In 1994, Wisconsin Gov. Tommy Thompson formed the country’s first ongoing state Glass Ceiling Commission. But when he couldn’t get the Legislature to fund it, the commission had to borrow staff from other agencies to fulfill its mission. That included establishing an employer compact where businesses would voluntarily set goals for adding women and minorities in upper management, creating the Diamond Awards to recognize companies with a significant number of women and minorities in top management, and generating names of qualified women and minorities for businesses to consult when making their boards more inclusive.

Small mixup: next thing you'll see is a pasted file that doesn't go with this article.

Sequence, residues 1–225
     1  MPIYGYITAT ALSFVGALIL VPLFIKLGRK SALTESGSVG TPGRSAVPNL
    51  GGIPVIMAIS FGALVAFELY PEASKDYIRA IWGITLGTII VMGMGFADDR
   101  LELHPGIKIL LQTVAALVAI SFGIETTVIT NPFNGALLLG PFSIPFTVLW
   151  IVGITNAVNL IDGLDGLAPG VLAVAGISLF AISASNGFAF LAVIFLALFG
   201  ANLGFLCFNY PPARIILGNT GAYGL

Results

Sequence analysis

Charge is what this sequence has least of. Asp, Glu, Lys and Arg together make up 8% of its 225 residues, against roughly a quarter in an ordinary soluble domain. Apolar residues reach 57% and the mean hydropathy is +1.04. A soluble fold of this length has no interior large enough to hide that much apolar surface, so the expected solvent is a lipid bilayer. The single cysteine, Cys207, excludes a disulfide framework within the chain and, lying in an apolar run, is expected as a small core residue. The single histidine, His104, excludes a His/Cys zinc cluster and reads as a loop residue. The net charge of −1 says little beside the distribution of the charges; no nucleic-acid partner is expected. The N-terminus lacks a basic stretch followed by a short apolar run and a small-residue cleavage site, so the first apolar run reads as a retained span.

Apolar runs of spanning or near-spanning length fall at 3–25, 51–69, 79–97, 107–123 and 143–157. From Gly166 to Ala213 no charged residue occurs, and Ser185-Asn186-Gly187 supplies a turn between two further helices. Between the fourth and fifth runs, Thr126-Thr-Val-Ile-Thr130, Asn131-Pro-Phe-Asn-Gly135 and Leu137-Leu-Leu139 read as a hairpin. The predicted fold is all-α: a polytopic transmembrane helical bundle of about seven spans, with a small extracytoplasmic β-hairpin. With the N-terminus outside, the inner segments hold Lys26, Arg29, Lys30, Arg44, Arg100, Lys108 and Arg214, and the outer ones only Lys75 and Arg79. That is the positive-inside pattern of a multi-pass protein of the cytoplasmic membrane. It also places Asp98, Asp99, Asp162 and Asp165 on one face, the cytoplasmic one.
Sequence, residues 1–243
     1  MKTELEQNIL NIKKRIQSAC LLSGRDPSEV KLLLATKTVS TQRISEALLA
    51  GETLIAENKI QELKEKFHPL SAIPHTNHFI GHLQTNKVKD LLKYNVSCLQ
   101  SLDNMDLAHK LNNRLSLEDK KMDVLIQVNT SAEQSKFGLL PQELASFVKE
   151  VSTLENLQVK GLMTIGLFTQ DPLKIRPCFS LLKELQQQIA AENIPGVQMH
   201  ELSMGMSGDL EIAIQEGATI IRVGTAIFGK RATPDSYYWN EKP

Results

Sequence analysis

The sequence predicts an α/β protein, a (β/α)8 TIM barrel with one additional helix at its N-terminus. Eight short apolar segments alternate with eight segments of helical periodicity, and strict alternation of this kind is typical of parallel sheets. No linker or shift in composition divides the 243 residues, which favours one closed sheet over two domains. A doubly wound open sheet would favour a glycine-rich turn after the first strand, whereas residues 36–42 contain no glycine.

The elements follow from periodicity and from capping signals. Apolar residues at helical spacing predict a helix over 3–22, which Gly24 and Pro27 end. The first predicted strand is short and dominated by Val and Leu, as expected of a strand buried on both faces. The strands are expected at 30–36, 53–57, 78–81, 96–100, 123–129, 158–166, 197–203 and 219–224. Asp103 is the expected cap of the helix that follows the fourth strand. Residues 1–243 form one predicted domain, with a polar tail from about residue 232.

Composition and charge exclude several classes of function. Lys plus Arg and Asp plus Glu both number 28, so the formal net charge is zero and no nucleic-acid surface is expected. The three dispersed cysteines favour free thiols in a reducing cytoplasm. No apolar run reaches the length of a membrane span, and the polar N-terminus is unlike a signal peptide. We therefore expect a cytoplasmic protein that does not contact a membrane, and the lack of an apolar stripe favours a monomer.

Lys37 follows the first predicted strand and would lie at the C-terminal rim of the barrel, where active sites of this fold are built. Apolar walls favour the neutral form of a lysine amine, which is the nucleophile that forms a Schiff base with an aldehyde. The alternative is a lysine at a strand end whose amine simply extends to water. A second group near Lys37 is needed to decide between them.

“We knew we had to have corporate CEOs involved or nothing would change,” recalls Carol Skornicka, senior vice president and general counsel of Midwest Express Airlines. Thompson and U.S. Labor Secretary Elizabeth Dole gave keynote speeches. The commission offered workshops teaching CEOs to communicate that they wanted women and minorities to play key roles, then hold managers accountable for advancing them. With TV cameras rolling and 1,000 in attendance, the first Glass Ceiling Awards were distributed in 1995. But when the lights dimmed, the commission’s responsibilities were aborted, diluted and pawned off on others.

The employer compact never got off the ground, says Lt. Gov. Margaret Farrow, commission co-chair. There weren’t enough companies with women and minorities in top management to give awards to “so we had to change the rules and recognize companies with programs in place to help women advance,” says Skornicka.